Julian’s Final Say

In the end, Dungeon Defenders serves as an entry point for Tower Defense amateurs. It’s an interesting and welcome addition to the genre, but one that quite often suffers from identity crisis, forcing you to over-micro-manage your stuff and keep way too many useless stuff in mind instead of making everything else simpler and more fun. The game is still highly recommended if you are into co-op gaming; it’s a blast to play with people, and despite it’s difficulty, there’s a guilty pleasure to be had in losing. If you’re a lone wolf, go away and never look back.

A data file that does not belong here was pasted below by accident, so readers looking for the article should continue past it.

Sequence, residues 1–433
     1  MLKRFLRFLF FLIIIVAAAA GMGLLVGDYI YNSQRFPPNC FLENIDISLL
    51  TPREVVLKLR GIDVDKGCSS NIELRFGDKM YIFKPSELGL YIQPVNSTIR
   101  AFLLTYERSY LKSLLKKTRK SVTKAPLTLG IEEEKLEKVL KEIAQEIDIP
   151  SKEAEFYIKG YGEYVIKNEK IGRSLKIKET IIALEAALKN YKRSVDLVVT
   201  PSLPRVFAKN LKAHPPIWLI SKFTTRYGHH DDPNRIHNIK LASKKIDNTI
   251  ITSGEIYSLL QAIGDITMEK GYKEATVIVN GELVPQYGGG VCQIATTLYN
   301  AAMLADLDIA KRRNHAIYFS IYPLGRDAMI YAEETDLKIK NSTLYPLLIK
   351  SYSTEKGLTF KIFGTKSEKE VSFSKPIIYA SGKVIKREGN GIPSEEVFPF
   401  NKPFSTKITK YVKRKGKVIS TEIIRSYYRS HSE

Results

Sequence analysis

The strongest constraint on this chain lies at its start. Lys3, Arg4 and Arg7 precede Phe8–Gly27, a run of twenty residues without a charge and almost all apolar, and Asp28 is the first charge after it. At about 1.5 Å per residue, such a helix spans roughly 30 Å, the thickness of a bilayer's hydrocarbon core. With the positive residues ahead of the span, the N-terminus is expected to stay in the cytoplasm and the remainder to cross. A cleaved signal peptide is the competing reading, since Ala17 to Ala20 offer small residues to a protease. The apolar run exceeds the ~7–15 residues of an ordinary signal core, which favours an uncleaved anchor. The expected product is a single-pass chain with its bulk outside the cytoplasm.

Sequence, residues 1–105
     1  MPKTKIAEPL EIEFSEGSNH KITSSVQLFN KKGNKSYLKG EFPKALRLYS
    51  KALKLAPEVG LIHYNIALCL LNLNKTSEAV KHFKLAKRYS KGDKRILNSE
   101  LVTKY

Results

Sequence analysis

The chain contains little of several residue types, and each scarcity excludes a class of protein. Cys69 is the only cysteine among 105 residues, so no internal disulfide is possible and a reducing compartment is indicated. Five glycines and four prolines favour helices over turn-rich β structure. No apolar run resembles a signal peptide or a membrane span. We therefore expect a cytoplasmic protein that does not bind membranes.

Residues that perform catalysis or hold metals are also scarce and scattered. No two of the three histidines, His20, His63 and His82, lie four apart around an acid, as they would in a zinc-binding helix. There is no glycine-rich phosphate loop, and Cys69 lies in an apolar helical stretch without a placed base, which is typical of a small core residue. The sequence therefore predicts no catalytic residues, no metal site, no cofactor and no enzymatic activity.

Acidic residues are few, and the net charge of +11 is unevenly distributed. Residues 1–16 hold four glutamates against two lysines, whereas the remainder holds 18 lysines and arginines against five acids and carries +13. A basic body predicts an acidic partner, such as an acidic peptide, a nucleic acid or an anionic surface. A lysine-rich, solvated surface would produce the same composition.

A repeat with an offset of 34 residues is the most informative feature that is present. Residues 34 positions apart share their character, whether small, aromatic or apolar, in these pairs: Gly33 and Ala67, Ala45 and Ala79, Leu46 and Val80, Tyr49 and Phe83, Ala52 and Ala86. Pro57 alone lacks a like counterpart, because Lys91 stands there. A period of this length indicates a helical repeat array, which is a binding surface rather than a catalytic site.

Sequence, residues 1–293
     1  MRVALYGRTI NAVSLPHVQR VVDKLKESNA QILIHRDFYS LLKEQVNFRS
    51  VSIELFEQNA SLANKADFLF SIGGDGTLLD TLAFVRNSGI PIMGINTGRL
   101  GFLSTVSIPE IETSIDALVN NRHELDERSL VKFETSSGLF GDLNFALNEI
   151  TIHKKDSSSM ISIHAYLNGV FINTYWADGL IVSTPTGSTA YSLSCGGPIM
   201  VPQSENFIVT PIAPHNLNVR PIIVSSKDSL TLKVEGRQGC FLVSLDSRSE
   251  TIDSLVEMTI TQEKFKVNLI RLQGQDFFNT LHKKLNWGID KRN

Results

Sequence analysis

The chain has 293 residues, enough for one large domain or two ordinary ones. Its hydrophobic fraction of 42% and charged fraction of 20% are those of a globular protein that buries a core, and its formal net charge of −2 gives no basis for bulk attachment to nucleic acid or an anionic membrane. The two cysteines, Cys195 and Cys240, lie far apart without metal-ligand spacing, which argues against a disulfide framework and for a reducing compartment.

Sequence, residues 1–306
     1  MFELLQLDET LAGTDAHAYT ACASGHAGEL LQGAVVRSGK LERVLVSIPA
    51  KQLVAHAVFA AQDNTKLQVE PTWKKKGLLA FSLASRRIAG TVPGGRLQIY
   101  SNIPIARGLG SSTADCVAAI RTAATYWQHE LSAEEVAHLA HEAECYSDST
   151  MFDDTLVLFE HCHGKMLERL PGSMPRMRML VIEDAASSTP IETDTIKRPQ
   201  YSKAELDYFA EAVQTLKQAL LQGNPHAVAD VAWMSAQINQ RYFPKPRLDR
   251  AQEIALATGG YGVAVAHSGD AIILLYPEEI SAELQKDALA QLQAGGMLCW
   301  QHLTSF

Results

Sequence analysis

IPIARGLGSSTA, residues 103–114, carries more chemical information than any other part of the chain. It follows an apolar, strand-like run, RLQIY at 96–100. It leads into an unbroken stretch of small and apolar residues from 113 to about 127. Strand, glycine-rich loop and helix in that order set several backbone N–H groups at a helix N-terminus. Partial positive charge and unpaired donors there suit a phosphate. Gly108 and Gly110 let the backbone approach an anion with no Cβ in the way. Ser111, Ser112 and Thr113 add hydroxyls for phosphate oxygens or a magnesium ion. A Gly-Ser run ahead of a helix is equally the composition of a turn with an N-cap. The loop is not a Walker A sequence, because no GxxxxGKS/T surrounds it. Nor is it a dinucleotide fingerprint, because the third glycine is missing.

• Interesting Tower Defense gameplay
  • Four somewhat unbalanced classes to choose from
  • Enough content to keep you entertained for weeks, but it needs to be played with more people
  • Each account can create multiple characters
  • Extremely difficult
  • Playing solo is pretty pointless
  • After a point, the game becomes a grinding fest of sorts

Final Score: 7 out of 10